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Colstrip power plant

The Colstrip power plant is pictured on Jan. 30.

An estimated $20 million in needed repairs to Colstrip Power Plant Unit 4 has raised concerns about the life of the generator, according to regulatory filings in Washington state.

The superheated portion of the Unit 4 boiler is showing signs of metallurgical wear and degradation, regulatory analysts reported.

The superheated portion refers to a zone of boiler tubing where steam is heated to 1,005 degrees before entering the power plant’s turbines. Repair costs are estimated at $20 million, according testimony by David Gomez, a staff member of the Washington Utility and Transportation Commission.

The nature of the repairs needed and cost estimates are based on information provided by Colstrip Power Plant operator Talen Energy and Washington utility Puget Sound Energy, which is the largest Colstrip stakeholder among the power plant’s six utility owners.

WUTC staff said the major repairs Unit 4 needs could result in the unit’s closure, considering that Puget Sound Energy already expects the cost of coal to increase considerably under a new contract. The new price for coal is still unknown. The current contract with neighboring Rosebud Mine expires at the end of the year.

“Besides the likely considerable, yet unknown cost impacts of a new coal contract, the superheat section in Unit 4 is starting to show signs of metallurgical wear and degradation,” Gomez said in testimony that someone unsuccessfully attempted to redact. “…Each of the Colstrip owners, including PSE, must consider if an investment of this size is prudent across the useful life of the facility, especially considering other external factors that may mandate PSE remove coal generation from its portfolio by a date certain.”

That “date certain” cited by Gomez is the end of 2025, when utilities in Washington must stop servicing customers with coal power under the state’s new pollution laws addressing climate change. Three Colstrip owners, Puget Sound Energy, Avista Corp. and PacifiCorp, must all comply with the law. The state is to be carbon pollution-neutral by 2030 and carbon pollution-free by 2045.

Four Colstrip owners with a collective 70% share in the unit are already making exit plans, possibly as soon as 2025. Colstrip Units 1 and 2, the oldest units of the four-unit power plant, will close in early January. NorthWestern Energy has a 30% share in Unit 4 and has tried to acquire a bigger share. The South Dakota-based utility with 370,000 Montana customers is adamant Unit 4 will operate through 2042.

Further challenging the repair puzzle for Unit 4 is an agreement reached by Spokane-based Avista Corp last week that would prevent the utility from making any capital expense at Colstrip that would keep the power plant operating beyond 2025.

NorthWestern in the meantime has headed in an opposite direction. Earlier this year, the utility lobbied the Montana Legislature to add an increased share of Colstrip power plant debt to customer rates should the utility increase its stake in the unit. At the time, NorthWestern indicated it had a chance to buy more of Colstrip Unit 4 for just one dollar.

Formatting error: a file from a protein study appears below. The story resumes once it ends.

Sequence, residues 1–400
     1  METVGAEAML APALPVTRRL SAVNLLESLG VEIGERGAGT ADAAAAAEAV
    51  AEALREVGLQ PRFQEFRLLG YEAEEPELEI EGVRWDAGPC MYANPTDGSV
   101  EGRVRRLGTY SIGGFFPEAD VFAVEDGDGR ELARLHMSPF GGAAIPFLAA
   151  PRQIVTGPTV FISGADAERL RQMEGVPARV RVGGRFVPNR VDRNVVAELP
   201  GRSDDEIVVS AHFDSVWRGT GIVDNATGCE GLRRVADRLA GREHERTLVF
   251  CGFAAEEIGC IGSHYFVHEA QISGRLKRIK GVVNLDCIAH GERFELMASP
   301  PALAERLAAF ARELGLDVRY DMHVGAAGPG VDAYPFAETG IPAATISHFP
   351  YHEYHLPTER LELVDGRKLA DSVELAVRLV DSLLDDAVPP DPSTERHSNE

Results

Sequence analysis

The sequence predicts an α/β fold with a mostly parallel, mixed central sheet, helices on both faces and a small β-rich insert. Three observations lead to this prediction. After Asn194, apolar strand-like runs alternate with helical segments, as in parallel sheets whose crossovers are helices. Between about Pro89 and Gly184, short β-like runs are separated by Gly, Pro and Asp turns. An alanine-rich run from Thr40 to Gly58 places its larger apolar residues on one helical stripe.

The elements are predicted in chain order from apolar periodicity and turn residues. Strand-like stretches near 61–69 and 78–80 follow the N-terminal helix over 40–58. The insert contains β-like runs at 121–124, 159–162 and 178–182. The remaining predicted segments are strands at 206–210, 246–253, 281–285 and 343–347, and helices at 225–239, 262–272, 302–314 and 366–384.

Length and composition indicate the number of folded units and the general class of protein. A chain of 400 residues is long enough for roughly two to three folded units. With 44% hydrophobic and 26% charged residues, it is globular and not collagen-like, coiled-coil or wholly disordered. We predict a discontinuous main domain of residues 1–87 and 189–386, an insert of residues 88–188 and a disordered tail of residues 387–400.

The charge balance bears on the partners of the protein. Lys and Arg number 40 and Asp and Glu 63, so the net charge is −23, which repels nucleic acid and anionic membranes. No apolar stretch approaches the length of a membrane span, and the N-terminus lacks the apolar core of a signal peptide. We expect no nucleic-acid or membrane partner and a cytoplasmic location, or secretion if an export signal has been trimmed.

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Lawmakers narrowly rejected the proposal, presented by Republican Sen. Tom Richmond of Billings as Senate Bill 331.

Current customer debt on NorthWestern’s 30% stake in Unit 4 is about $300 million, which is being paid off at 8.24% interest through 2042.

The Gazette posed several questions to NorthWestern on Wednesday about the condition of Unit 4, whether the utility was still interested in buying more of the unit, and whether it planned to pass its share of fixing the superheated portion of the boiler onto customers.

NorthWestern has also indicated in Montana regulatory filings that it will issue a request for proposal for new generation next month. It would not say Wednesday if it would consider buying a larger share of Colstrip as part of its proposal.

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Although NorthWestern didn’t answer The Gazette’s questions, it did issue the following statement:

Tom Richmond

Richmond

“Talen Energy, the operator, is the appropriate source for information about the plant and its maintenance,” said NorthWestern’s Jo Dee Black in an email. “And as you know, the RFP will be an all source solicitation administered by a third party with input from the Montana Consumer Counsel.”

The Consumer Counsel is a state-appointed legal team charged with representing the interests of NorthWestern’s customers before the Montana Public Service Commission. The counsel has in the past objected to the terms dealt to customers concerning Unit 4, most notably when customer debt associated with the unit was set at $407 million in 2008. The counsel had argued the unit was only worth $187 million, but failed to persuade the PSC.

As recently as Monday, the Montana PSC chose not to bill customers for $42 million of Unit 4 capital expenses that NorthWestern sought to pass on. Those expenses have been building up since 2008, according to the PSC.

Washington utility commission staff are recommending Colstrip owners doing business in that state not be allowed to pass on the estimated $20 million bill for repairing Unit 4.

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